It was a very special privilege to gather last week with clergy and some of our lay leaders from across the diocese for our tri-annual Diocesan Clergy Conference.
Our theme was ‘Sharing God’s Story, sharing our story’ and it was both poignant and deeply encouraging to share what we have experienced in our own lives and the way Jesus Christ has ‘emptied himself’, ‘been born in human likeness’ and ‘humbled himself’ (Philippians 2) to share our story and to give us, even in our anxiety and fear, hope and confidence. As Bishop Rachel reminded us at the end of the conference, the promise is given and is sure ‘There will be no more death or mourning or crying or pain, for the old order of things has passed away.’ (Revelation 21)
This does not, however, mean that there is nothing for us to do. As the Church, we are charged in this time to share God’s love and to work for the coming of the Kingdom. So we return from the conference recommitted to sharing in this great commission with you, with the whole baptised people of God and with partners of goodwill across our communities.
It’s especially good therefore that this week we are celebrating World Habitat Day – an initiative of the United Nations, which this year is under the theme ‘Mind the Gap. Leave No One and Place Behind’, looking at the problem of growing inequality and challenges in cities and human settlements. This is a necessary reminder that, as disciples of Jesus Christ, we are called to be committed to justice and the welfare of all. You can find more details here. More locally, in the UK we are marking the launch of the Warm Welcome campaign. This exists to support and champion the community response to the cost-of-living crisis. Working with partners of all kinds, it seeks to equip thousands of organisations to provide a warm welcome to everyone who might need it this winter. You can find more details here.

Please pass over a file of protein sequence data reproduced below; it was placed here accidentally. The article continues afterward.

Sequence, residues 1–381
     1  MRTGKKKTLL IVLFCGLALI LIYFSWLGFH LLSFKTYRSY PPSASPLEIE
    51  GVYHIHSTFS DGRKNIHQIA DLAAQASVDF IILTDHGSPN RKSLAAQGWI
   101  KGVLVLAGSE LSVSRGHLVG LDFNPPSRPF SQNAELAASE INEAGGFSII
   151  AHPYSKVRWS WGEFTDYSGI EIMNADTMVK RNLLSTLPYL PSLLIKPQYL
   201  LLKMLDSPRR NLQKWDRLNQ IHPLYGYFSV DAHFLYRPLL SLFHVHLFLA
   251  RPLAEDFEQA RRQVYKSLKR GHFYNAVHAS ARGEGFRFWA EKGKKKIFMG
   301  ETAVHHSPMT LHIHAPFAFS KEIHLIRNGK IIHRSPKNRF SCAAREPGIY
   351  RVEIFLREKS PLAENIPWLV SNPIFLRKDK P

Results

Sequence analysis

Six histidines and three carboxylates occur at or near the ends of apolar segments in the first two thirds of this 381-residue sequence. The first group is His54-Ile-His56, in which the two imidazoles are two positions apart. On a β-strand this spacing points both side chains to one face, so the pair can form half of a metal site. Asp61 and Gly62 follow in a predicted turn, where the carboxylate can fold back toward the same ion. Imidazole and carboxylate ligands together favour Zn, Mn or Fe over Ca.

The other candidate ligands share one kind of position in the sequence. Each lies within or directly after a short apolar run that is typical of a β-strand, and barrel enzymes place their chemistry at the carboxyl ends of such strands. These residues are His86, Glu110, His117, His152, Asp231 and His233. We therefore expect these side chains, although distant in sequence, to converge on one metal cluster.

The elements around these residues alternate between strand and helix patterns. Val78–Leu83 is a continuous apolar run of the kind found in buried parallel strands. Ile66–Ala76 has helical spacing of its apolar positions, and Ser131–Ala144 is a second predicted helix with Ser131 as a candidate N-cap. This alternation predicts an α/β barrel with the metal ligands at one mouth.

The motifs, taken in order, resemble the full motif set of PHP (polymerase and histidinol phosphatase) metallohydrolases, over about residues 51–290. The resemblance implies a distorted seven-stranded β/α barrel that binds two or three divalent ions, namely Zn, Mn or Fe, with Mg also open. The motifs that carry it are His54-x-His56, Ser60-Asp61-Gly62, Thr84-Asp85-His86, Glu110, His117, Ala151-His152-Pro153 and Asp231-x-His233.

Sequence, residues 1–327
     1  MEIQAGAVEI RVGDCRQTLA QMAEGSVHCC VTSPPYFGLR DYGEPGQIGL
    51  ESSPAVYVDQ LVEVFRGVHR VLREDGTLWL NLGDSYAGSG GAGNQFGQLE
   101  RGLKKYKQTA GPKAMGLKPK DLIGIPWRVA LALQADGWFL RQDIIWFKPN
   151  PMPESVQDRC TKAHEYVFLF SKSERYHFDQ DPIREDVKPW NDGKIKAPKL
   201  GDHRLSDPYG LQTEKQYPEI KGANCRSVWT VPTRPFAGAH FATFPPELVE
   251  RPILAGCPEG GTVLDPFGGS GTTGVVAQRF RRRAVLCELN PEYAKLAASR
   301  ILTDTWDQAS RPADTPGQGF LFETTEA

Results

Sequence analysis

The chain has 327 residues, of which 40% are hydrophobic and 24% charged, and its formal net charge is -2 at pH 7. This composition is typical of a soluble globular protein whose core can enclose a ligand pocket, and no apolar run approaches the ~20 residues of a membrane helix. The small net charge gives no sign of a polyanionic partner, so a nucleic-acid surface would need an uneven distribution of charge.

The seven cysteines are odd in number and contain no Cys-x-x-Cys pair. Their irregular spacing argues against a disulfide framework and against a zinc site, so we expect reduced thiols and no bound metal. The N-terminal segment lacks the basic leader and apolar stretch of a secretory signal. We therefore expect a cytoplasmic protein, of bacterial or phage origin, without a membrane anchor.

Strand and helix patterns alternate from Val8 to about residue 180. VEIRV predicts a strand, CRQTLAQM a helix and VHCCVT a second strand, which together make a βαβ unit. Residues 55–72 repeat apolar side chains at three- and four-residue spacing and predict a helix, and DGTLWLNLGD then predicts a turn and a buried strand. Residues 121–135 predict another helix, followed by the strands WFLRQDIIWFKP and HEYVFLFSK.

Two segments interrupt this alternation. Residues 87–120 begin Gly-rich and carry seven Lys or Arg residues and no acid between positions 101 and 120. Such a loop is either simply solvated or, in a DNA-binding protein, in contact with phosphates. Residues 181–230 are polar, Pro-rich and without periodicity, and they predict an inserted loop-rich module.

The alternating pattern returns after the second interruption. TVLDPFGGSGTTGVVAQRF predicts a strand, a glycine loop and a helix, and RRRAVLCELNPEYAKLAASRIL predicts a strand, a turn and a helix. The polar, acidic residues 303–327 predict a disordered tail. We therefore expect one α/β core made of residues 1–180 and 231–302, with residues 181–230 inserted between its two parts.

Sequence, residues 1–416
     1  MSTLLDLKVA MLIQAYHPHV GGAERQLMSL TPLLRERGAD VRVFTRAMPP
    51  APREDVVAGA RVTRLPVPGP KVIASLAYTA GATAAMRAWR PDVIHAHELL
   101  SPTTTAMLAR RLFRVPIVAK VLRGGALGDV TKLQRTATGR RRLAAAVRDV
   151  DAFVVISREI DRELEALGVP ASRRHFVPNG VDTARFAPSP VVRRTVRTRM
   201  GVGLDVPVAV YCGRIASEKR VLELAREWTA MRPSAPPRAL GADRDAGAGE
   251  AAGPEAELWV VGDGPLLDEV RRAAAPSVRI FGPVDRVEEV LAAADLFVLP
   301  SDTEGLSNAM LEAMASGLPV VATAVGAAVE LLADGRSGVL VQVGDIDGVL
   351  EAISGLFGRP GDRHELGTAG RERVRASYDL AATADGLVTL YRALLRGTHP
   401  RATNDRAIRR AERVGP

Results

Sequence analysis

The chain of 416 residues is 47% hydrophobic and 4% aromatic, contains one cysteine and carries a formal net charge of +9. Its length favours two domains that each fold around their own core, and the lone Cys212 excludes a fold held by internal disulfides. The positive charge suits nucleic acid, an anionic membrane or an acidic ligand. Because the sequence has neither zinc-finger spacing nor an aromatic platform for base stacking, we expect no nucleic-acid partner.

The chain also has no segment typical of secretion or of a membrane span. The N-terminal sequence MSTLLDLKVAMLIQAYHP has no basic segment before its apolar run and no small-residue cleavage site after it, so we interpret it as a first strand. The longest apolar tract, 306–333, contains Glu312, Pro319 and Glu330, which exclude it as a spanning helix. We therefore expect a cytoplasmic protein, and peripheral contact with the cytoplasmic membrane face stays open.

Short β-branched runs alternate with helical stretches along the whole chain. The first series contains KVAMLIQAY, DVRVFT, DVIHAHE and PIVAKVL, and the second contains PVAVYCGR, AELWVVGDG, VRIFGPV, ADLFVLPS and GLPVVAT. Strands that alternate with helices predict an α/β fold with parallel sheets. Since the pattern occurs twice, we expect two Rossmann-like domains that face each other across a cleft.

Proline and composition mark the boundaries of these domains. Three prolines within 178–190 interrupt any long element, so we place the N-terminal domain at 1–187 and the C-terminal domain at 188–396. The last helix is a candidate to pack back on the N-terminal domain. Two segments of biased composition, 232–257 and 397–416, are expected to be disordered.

For me, one of the key things about both World Habitat Day and Warm Welcome is that they are initiatives in which the opportunity is to partner with others, recognising that we do not ourselves have all that is needed or required – it is just possible that if we are looking for a place to keep physically warm this winter, our medieval church building might not be it. Much rather we can bring what we have, to work with others and to share in doing something both special and necessary. In this we can, gently, openly, tell, live our story and God’s speaking, in word and deed, of what God has done for us and the life that we find in Jesus Christ. Open to all, serving all, for God loves all.
We are at the beginning of what looks set to be a long, hard winter – one that is making many fearful. God’s story that is shared with us in Jesus Christ does not shy away from acknowledging the reality of that fear, but it says firmly, with conviction, we are not alone, and that fear will not triumph for the victory is won. (1 Corinthians 15) That should encourage us to act, knowing the need is urgent, knowing that this is what we are called to do and be.